For many owners, litter trays are a necessary part of cat ownership. But when cats aren't comfortable using the trays provided, this can cause toileting in areas cat caregivers find inappropriate. There are lots of potential reasons for this, and issues with the litter tray itself is often the most common cause.
Here are some things to do and things to avoid when providing a litter tray for your cat.
1. Provide a litter tray inside
This may seem like an obvious tip, however many people prefer their cats to toilet outside, away from the home. However, there are frequently times where toileting outside becomes difficult, such as during adverse weather conditions, or in the presence of unfamiliar cats. In these instances, your cat may prefer to toilet in a safer or more convenient location and with no appropriate litter tray inside, they may find their own safe spots on furniture or you may find your cat peeing on the carpet.
2. Position the litter tray somewhere quiet
The location of the litter tray can be a big reason why cats start to avoid it. If it is located near vulnerable areas such as busy thoroughfares, near doors or the cat flap, your cat may not feel comfortable toileting here. Similarly, they may avoid the tray if it is placed too near to their food or near noisy appliances. Placing the tray in a quiet (but still convenient) location away from these areas will help encourage your cat to use it.
3. Ensure there are enough to go round
In a multi-cat household, it's important to ensure there are enough litter trays, so there is no competition around them. The general rule is one for each cat, plus another one for choice. These need to be located apart to be considered as separate toileting areas, and each should be in a secluded location as described above.
Even for single cat households, having an additional litter tray is ideal, as cats often prefer separate toileting areas for urinating and defecating and it also offers an alternative if one of the trays is out of action for any reason.
4. Provide a suitable type of litter tray
Most cats will be happy using a large, open litter tray. They are usually easy to step into and there is no restriction on the cat's movements during use. It should be around 1.5 times the length of your cat, excluding their tail.
Some cats will be happy using a hooded version; however, these can potentially lead to problems as they are more restrictive and can become quite smelly. Hooded trays should be large enough for your cat to do a full turn inside, so they are comfortable moving into the right position for toileting. They also need to be kept extra clean to stop the smell building up inside the tray. Flaps on the tray opening should be removed as they can make accessing the tray more difficult and deter a cat from going inside.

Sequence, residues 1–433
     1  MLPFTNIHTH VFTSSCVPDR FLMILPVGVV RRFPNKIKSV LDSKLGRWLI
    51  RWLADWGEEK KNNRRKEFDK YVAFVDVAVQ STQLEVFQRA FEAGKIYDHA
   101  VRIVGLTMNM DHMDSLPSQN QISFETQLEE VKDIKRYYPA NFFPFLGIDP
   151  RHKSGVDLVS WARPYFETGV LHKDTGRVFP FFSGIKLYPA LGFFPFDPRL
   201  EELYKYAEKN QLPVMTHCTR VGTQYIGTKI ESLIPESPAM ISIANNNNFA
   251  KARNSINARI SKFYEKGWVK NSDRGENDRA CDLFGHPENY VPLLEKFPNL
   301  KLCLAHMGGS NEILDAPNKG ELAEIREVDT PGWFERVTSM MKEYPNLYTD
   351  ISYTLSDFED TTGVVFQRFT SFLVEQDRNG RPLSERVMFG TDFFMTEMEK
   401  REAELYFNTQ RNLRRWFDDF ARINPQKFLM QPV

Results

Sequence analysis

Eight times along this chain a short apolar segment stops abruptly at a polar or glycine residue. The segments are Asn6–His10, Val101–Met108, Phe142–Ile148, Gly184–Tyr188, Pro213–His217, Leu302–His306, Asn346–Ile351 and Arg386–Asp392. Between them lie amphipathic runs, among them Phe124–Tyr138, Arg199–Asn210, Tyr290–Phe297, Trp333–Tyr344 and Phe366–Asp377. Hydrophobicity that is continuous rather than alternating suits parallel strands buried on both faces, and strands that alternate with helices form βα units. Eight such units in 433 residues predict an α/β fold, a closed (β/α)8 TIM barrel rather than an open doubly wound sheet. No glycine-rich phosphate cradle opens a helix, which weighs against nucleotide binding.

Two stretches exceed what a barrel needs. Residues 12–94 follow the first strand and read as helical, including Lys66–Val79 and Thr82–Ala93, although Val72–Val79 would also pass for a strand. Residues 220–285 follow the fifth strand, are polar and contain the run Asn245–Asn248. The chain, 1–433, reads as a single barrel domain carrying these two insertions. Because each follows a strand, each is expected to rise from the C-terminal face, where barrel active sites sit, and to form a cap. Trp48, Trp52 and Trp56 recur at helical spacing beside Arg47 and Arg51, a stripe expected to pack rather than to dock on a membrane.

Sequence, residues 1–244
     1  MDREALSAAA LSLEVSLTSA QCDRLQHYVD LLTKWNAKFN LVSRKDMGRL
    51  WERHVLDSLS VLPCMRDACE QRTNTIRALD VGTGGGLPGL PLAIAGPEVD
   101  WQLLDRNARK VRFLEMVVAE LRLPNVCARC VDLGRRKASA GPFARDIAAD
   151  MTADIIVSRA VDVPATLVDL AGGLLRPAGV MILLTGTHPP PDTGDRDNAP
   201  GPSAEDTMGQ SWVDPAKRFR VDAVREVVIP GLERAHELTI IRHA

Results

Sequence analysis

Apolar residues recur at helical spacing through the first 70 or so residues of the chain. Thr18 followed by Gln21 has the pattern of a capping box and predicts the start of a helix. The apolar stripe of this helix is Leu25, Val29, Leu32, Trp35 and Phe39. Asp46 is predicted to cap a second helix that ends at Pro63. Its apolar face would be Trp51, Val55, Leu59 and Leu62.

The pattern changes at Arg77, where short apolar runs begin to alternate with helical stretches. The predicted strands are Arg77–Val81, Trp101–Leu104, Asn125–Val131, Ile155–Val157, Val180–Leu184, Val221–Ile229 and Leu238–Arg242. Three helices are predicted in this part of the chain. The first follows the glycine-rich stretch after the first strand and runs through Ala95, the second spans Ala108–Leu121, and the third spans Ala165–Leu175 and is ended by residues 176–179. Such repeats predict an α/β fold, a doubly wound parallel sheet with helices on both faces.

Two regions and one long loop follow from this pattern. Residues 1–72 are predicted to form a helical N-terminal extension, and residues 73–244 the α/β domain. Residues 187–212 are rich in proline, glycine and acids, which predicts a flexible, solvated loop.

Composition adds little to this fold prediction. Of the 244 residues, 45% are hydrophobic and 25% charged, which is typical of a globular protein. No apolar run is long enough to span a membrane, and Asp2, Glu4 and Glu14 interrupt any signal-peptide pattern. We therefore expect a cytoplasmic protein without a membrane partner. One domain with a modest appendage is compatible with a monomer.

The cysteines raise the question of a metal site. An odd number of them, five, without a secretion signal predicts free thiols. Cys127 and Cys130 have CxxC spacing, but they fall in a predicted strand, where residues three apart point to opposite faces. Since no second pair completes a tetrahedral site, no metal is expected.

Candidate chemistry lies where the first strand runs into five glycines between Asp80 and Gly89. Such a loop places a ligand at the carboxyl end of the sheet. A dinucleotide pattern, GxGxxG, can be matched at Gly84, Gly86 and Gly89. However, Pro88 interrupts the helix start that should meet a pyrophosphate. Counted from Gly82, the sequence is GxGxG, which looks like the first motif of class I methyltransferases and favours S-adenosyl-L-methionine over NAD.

5. Use a suitable type of litter
Kittens develop a preference for the material they want to toilet on during their socialisation period, between 2 and 7 weeks of age. So it can be best to use the same sort of litter the breeder or rescue centre used before your kitten came home.
Usually, a finer litter is preferred by most cats, as it is softer on paws and is more similar to the sandy substrate cats historically choose for toileting.
Cats can also develop an aversion to a certain type of litter, so those suffering from Feline Lower Urinary Tract Disease or any other discomfort during toileting, may avoid that litter in the future for fear of feeling in pain again. Trying a different type of litter can help in this situation.
6. Keep litter trays clean
Some cats are fussier than others, but most prefer to use a freshly cleaned tray. With a non-clumping litter, the urine is absorbed but sits in the tray until the whole tray is changed, which could be once a week. This can deter some cats from using it, particularly if they like to rake through the litter.
Using a litter that clumps allows all of the waste to be removed from the tray. This should be done daily to ensure the tray is as clean as it can be, with the inside of the tray washed down monthly or when needed.
7. Avoid strong scents in and around the litter tray
Litter trays, understandably, smell very much of the cats using them and they recognise their territory through scent. Added scented litter to the tray will change its scent profile and can cause the cat to avoid it. Similarly, placing air fresheners or similar nearby to mask the smell of the litter is asking for trouble. It can cause your cat to boycott the area altogether.
8. Avoid using litter liners
Litter liners are plastic covers that line the bottom of the tray. They can make the cat feel uncomfortable using the tray; if pulled taught inside the tray, they can feel funny to walk on, and for cats that do a lot of raking before or after toileting, their claws can get stuck in the liner, sending litter flying when they pull their claws back out. Using a clumping litter and scooping daily will usually mean liners aren't necessary.
Inappropriate toileting is one of the most common behaviour problems. Following the advice above will help set your cat up for success and stop them deciding to find another place for toileting that suits them better.